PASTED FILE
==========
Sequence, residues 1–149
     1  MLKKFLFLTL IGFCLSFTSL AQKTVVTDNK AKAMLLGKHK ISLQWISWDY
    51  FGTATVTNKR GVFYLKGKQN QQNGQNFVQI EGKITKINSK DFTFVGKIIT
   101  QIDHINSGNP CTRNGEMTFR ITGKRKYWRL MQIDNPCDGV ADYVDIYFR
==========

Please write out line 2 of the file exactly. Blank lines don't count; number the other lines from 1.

     1  MLKKFLFLTL IGFCLSFTSL AQKTVVTDNK AKAMLLGKHK ISLQWISWDY